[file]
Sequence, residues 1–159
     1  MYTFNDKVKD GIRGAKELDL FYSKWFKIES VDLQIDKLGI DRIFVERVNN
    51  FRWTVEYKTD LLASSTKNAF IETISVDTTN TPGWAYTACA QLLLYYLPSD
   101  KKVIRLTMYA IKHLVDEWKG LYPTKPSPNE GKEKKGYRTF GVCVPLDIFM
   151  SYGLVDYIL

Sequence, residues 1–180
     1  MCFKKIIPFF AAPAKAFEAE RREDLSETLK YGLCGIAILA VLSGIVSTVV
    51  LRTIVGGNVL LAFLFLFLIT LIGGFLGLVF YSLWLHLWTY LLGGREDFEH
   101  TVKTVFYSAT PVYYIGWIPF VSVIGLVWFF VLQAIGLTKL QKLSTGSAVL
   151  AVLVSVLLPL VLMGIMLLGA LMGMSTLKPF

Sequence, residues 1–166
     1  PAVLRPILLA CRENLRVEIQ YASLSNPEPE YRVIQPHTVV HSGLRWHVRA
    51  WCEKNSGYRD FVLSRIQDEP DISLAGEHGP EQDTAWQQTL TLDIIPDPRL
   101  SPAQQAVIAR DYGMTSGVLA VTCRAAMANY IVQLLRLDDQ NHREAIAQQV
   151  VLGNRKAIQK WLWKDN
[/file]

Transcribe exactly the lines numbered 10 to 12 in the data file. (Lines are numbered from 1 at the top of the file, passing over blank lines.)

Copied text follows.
   151  AVLVSVLLPL VLMGIMLLGA LMGMSTLKPF

Sequence, residues 1–166
     1  PAVLRPILLA CRENLRVEIQ YASLSNPEPE YRVIQPHTVV HSGLRWHVRA